PCDS AC system optimizes delivery of anticoagulation drugs, reduces adverse events

Point of Care Anticoagulation software (PCDS AC) optimizes delivery of anticoagulation drugs and reduces adverse events associated with anticoagulation therapy. The software was designed and developed in collaboration with leading clinical thrombosis experts, and is a decision support tool that takes the complexity out of AC management by providing a real-time AC dashboard. With intuitive, predictive clinical decision support, PCDS AC transforms evidence-based guidelines into intelligent tools that measure and improve AC therapy outcomes. [More]
Two Glenmark manufacturing facilities in India win Greentech Environment Gold Award - 2015

Two Glenmark manufacturing facilities in India win Greentech Environment Gold Award - 2015

Two manufacturing facilities of Glenmark located in Goa and Nashik bagged the prestigious 'Greentech Environment Gold Award - 2015' for Excellence in Environment Management at a ceremony in Kolkata recently. Greentech Environment Awards are presented ever year to companies/units in India demonstrating the highest level of commitment to Environmental Management across different sectors. [More]
Shire announces acquisition of Meritage Pharma

Shire announces acquisition of Meritage Pharma

Shire plc and Meritage Pharma, Inc. announced today that Shire has acquired Meritage, a privately-held company, for an upfront fee of $70 million and additional contingent payments based on the achievement of development and regulatory milestones. [More]
Boehringer Ingelheim presents Phase III data for tiotropium at 2015 AAAAI Annual Meeting

Boehringer Ingelheim presents Phase III data for tiotropium at 2015 AAAAI Annual Meeting

Boehringer Ingelheim today presented data on investigational tiotropium delivered via Respimat inhaler from five Phase III trials from the UniTinA-asthma program at the 2015 American Academy of Allergy, Asthma & Immunology Annual Meeting in Houston, Texas. [More]
Rigel, Bristol-Myers Squibb partner to develop, commercialize TGF beta receptor kinase inhibitors

Rigel, Bristol-Myers Squibb partner to develop, commercialize TGF beta receptor kinase inhibitors

Rigel Pharmaceuticals, Inc. and Bristol-Myers Squibb Company today announced that they have entered into a collaboration agreement for the discovery, development and commercialization of cancer immunotherapies based on Rigel's extensive portfolio of small molecule TGF beta receptor kinase inhibitors. [More]
Henry Ford researchers say that breastfeeding influences baby's immune system development

Henry Ford researchers say that breastfeeding influences baby's immune system development

Henry Ford Hospital researchers say that breastfeeding and other factors influence a baby's immune system development and susceptibility to allergies and asthma by what's in their gut. [More]
Epigenome-wide association study helps discover genes linked to allergies and asthma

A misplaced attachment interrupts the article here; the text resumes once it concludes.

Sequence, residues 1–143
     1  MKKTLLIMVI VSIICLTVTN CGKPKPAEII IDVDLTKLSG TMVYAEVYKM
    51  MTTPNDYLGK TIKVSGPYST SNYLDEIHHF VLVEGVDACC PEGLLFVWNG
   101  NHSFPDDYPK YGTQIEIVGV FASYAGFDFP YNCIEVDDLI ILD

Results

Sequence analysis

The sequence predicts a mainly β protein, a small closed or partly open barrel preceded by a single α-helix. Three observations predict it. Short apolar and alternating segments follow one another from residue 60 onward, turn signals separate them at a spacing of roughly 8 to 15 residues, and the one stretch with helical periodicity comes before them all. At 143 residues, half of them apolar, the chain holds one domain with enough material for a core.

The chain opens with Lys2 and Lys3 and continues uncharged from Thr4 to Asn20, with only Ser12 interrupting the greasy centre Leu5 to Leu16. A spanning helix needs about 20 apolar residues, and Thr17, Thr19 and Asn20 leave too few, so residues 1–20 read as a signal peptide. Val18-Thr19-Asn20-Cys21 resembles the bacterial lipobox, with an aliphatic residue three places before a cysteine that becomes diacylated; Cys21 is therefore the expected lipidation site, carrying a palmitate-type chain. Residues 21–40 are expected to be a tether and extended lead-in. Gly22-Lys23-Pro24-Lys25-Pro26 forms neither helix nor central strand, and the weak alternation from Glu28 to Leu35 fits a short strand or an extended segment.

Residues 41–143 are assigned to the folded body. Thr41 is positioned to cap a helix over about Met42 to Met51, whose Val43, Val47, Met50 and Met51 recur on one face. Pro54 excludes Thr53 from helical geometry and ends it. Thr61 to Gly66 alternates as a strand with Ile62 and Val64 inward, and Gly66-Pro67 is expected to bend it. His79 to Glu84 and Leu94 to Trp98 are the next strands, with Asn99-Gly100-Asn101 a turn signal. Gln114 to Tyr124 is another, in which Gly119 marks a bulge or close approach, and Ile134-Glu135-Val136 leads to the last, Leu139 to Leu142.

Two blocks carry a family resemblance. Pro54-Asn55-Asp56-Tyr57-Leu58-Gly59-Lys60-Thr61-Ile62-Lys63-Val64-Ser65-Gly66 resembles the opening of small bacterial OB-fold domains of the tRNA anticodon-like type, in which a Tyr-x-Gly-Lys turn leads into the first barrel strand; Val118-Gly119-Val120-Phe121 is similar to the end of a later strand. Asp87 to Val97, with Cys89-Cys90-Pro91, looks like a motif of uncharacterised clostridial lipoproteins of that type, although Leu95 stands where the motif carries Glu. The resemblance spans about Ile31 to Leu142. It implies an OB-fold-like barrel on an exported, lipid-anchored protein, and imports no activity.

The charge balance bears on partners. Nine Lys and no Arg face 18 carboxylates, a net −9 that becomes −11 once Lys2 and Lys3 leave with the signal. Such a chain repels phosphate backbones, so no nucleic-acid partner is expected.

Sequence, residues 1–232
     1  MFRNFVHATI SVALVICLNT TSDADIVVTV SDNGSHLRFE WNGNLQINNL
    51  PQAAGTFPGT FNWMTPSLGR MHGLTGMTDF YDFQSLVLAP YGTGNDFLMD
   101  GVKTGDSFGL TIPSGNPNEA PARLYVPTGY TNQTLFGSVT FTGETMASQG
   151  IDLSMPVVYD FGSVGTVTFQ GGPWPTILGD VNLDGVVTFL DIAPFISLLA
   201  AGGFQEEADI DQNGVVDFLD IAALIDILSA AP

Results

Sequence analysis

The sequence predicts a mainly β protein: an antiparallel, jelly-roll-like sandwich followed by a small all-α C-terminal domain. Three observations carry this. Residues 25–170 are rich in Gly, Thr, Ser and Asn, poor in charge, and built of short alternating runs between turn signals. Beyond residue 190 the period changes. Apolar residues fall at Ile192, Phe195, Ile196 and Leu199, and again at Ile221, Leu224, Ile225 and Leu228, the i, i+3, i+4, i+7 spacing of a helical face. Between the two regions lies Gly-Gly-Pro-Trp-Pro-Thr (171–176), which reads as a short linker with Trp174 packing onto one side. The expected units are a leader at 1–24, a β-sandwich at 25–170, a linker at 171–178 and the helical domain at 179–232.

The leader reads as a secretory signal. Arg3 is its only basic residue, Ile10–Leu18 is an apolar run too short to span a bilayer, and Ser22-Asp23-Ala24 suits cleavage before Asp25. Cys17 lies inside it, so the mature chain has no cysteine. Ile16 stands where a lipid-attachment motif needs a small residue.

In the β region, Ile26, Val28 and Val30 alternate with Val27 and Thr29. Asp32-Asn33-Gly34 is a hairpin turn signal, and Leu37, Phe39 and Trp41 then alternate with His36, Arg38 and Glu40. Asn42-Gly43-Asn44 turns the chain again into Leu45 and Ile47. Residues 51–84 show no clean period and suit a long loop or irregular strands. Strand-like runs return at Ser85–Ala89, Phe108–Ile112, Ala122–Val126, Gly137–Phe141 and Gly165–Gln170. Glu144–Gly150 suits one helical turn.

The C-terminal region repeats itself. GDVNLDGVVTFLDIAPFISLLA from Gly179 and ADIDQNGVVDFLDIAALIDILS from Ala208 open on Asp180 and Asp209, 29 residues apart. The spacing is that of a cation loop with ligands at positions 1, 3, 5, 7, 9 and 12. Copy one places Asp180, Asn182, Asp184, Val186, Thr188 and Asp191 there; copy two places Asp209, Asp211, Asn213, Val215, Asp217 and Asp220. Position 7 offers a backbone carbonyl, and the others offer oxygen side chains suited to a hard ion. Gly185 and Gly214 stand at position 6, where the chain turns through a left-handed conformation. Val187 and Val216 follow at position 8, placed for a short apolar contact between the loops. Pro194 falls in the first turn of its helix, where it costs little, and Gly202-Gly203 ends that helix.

Epigenome-wide association study helps discover genes linked to allergies and asthma

Researchers from Canada, the UK, Sweden and the US have discovered more than 30 genes that strongly affect an antibody involved in allergies and asthma. Some of the genes could provide targets for drugs to treat those conditions, according to the international team's study, published online in Nature on Feb. 18. [More]
Researchers demonstrate clinical efficacy of gallopamil in severe asthma patients

Researchers demonstrate clinical efficacy of gallopamil in severe asthma patients

A team of Inserm researchers from the Cardio-Thoracic Research Centre of Bordeaux (Inserm/University of Bordeaux and Bordeaux University Hospital) has demonstrated the clinical efficacy of gallopamil in 31 patients with severe asthma. This chronic disease is characterised by remodelling of the bronchi, which exacerbates the obstruction of the airways already seen in "classic" asthma. [More]
New study turns to epigenetics to look for new therapeutic targets to treat allergic diseases

New study turns to epigenetics to look for new therapeutic targets to treat allergic diseases

Scientists have discovered over 30 new genes that predispose people to allergies and asthma, some of which could be targets for new drugs. [More]
Researchers find potential new target to treat asthma patients

Researchers find potential new target to treat asthma patients

Researchers have found a potential new target for treating asthma, according to a study led by researchers at the University of Colorado School of Medicine at the Anschutz Medical Campus and published in the journal Nature Communications. [More]
Study findings could lead to new potential drug targets for allergic diseases

Study findings could lead to new potential drug targets for allergic diseases

Scientists have discovered over 30 new genes that predispose people to allergies and asthma, some of which could be targets for new drugs. [More]